“There is a slight difference between the motion viewed in the RVS versus what is actually occurring in the physical world,” an Air Force official explained to Defense News. All of those things can create a depth compression and curvature effect.”
A view from a receiving aircraft of the remotely-operated boom on the KC-46A.
What this means is, depending on shadows, glare, and other factors, the boom operator might not have an accurate understanding of what’s going on behind the tanker, leading them to over-compensate and move the boom erratically, putting potentially dangerous strain on the boom itself and risking hitting and damaging the receiving aircraft. Additional studies have warned that certain individuals may simply be predisposed to eye strain, headaches, vertigo, and other vision issues when using the system for a protracted period of time, limiting the pool of people who could take on the boom operator job on KC-46s at all in the future.
As part of the acceptance plan, Boeing has agreed to completely overhaul the RVS, which could entail both hardware and software changes to the aircraft, and do so at its own cost. The Air Force expects it to take between three and fours years to simply to develop the replacement system. There is no timeline for how long it might then take to modify any aircraft the service has taken delivery of up to that point.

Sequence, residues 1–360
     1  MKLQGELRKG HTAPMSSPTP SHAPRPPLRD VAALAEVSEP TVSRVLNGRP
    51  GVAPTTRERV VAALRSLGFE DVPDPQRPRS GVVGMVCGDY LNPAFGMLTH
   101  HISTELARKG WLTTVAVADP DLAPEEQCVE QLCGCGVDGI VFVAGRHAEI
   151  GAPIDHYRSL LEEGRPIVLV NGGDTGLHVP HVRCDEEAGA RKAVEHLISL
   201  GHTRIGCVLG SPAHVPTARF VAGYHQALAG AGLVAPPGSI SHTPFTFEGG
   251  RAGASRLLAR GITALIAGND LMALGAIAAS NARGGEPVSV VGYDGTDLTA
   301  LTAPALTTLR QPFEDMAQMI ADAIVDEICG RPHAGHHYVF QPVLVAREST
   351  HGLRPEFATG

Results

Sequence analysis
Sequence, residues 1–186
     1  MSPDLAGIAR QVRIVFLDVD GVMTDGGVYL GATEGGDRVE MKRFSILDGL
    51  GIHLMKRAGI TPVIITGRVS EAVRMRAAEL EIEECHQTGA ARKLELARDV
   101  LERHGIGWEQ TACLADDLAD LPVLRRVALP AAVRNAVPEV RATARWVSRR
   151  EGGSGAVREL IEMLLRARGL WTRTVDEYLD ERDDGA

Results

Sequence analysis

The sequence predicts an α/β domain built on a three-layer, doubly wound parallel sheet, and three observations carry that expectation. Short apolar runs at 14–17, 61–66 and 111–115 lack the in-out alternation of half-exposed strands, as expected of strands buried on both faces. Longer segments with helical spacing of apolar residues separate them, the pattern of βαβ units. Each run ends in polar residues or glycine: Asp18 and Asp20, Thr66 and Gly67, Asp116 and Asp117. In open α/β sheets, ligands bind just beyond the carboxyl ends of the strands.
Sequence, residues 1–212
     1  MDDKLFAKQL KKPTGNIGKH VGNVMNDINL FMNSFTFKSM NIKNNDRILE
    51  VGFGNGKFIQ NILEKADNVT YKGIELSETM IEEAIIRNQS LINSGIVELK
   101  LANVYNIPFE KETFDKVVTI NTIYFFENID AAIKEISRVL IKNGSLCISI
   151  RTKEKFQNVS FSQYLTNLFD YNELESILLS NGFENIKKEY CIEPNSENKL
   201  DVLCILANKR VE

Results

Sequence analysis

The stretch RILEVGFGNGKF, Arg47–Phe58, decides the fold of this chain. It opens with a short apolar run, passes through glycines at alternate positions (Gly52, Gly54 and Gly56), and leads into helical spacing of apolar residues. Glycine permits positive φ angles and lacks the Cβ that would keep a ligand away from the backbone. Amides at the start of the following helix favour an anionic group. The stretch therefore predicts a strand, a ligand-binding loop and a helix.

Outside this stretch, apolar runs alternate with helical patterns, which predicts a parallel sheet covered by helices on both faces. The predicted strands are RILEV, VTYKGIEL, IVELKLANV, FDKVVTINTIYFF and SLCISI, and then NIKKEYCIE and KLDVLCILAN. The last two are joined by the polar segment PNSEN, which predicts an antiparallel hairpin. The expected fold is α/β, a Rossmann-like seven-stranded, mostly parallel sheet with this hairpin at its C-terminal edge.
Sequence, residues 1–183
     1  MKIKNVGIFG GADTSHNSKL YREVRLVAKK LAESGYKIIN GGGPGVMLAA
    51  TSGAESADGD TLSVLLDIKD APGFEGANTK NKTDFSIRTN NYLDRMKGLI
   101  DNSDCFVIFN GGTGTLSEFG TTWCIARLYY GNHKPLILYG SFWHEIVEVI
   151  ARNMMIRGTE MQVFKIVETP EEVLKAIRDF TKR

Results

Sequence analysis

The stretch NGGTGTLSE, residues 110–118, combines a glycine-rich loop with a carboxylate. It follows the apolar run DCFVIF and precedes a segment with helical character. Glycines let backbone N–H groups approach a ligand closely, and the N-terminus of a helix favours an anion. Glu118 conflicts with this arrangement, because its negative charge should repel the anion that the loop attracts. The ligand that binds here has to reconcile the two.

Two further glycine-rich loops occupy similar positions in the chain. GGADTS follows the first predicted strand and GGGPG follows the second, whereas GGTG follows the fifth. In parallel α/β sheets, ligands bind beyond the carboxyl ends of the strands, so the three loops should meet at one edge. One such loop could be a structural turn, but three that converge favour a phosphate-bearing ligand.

There have been other deficiencies that Boeing has been working to resolve, as well, and it is unclear how close these are to getting fixed. This includes the boom striking the receiving aircraft, which is especially problematic for stealth aircraft, such as the F-22 Raptor and F-35 Joint Strike Fighter.
Damaging the special radar absorbent skin on these aircraft could have a direct impact on their ability to hide from hostile radars. There is a growing, separate discussion about how well a non-stealthy tanker such as the KC-46 will be able to support stealthy manned and unmanned aircraft during any future high-end conflict, in general.